"Star Wars" opens with a shot of space and the soft sound of John Williams score, then the shot shifts to a planet. So right away we know we’re in for adventure on foreign soil, in outer space no less. Then a small vessel comes from the top of the screen. This is quickly followed by a series of blasts as the score turns into that famous booming on sound, akin to Gustav Holst’s ‘Mars’ [from "The Planets"]. This is all quickly followed by the enormously famous and copied shot of a behemoth star cruiser coming in from the top of the screen and going on forever. It doesn’t take long to figure out that this story is a tale of good versus evil, the little guy getting bullied by the big guy. Even the planet in the shot plays into the theme, representing a new undiscovered world a new hope for freedom and life. But we know the journey will be hard as the star cruiser looms over everything from the rebel ship to the planet below to the audience watching it in the theatre.
And long before the death star ever shows up we fear this massive beast could blow up the planet below just as easily as it could blow up the tiny ship, setting the stage for one of the greatest adventures in film history.
View image: It starts here...
View image ... and ends here. And nearly everything that happens, except for a slow movement in on the house, happens off-screen.
From Richard T. Jameson, Editor, Movietone News, 1971-81; Editor, Film Comment, 1990-2000:
The opening shot of Joseph Losey's "Accident" (1966) begins under the main-title credits and runs for a minute or so after they have concluded. We're looking at the front of a good-sized but hardly palatial house in the English countryside -- the home, as it happens, of an Oxford don whose academic career has been less than stellar. It's nighttime, tangibly well into the wee hours. No lights are burning, no activity within is apparent. The credits roll without musical accompaniment. On the soundtrack we detect an airplane passing overhead; onscreen, a slight alteration of perspective on the surrounding tree boughs makes us aware that the camera is slowly nudging closer to the house. After a moment, there is the sound of an automobile approaching. The noise grows loud; the engine is racing. Then, a screech of tires and the sound of impact and shattering glass, abruptly cut off. There is a further pause. Then the front door of the house opens, only a hint of light glimmering in the interior. Hesitantly, a man steps out, then begins advancing into the night. Cut to several murky shots impressionistically marking his progress as he moves toward the scene of the titular accident.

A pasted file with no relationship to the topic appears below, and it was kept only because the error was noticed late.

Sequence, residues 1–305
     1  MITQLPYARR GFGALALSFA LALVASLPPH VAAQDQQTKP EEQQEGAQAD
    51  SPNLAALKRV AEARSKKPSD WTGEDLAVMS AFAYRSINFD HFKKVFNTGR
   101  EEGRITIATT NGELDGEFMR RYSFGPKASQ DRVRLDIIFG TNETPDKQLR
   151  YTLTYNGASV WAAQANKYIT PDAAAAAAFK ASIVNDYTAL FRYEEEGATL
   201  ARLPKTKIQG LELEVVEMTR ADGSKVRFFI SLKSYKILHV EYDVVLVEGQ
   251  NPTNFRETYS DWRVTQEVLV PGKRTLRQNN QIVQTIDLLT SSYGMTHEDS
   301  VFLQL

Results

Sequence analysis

The shot, though plain as, uh, day, is remarkable for several reasons. One, of scant concern to most of us, is that with it the director and his first-time cinematographer Gerry Fisher achieved their goal of shooting a color scene that actually looks like what it's supposed to be: a nighttime exterior as seen by moonlight, rather than a day-for-night fakeroo or some other conventional attempt to imitate nighttime via filters and technical trickery. Losey and Fisher went to extreme pains with the film lab to get the shot to look exactly as they wanted it -- even though, as Losey ruefully observed in interview, they knew most theaters would bathe the screen with mauve houselights for the benefit of late-arriving seat-takers, and in any event a few passes in front of the projector's carbon arc would soon alter the image on the emulsion.
So, technically, a real, if effectively unnoticed and ephemeral, coup.
View image: From synapses deep inside the brain...
View image: ... out through a sweaty pore...
From Robert Humanick, a film odyssey:
I'm not sure if this applies to the "opening shot" rules, in that it is included as part of the opening credits, as well as the fact that it was digitally rendered (some people are picky about such things). But having already read (and agreed with) many of the other submitted choices (particularly "Aguirre," my personal favorite), I felt this one needed a voice of its own.
"Fight Club" opens from remote darkness into unrestrained chaos, the camera pulling back at near-breakneak speed out of an unknown quarter through various layers of strangely textured substances, the frantic nature compounded by the Dust Brothers' pulse-techno soundtrack. Ultimately, the microscopic journey reveals itself to have been taking place within the brain of the film's unnamed main character (Edward Norton). The point-of-view shot exits his body through a pore on his face (a bead of sweat rolling down from it just as the camera retracts from the skin), pulling further back over more differing terrains to ultimately reveal a hazy human figure. Just as the picture comes into focus, revealing the figure to be at the mercy of the film's quasi-villian (who has a gun shoved mercilessly into his mouth), the recurring voiceover begins: "People are always asking me if I know Tyler Durden."
Shane Carruth's ingenious "Primer" (2004) offers a textbook example, if you will, of a "What are we looking at?" opening shot. Linear and rectangular or trapezoidal patterns of light dot the dark screen. Then the irregular, vaguely chevron-shaped object at the top of the frame flickers, illuminates, and... we see we're inside a residential garage, near the ceiling, looking at the door, which begins to lift to the accompaniment of odd, but still somewhat familiar, electronic and metallic/mechanical sounds. Even once we know what it is, something about it feels like science fiction -- as though this door were opening up to a new dimension or something. The next shot orients us: a more conventional exterior establishing shot, showing the grinding, squealing door from the outside and four young men walking into the space. This is the (twisted, inside-out) story of these garage-based tech entrepreneurs, and they won't understand what they're seeing, either, when they accidentally invent and/or discover something incredible in that unassuming structure. Or, maybe, they already have... -- JE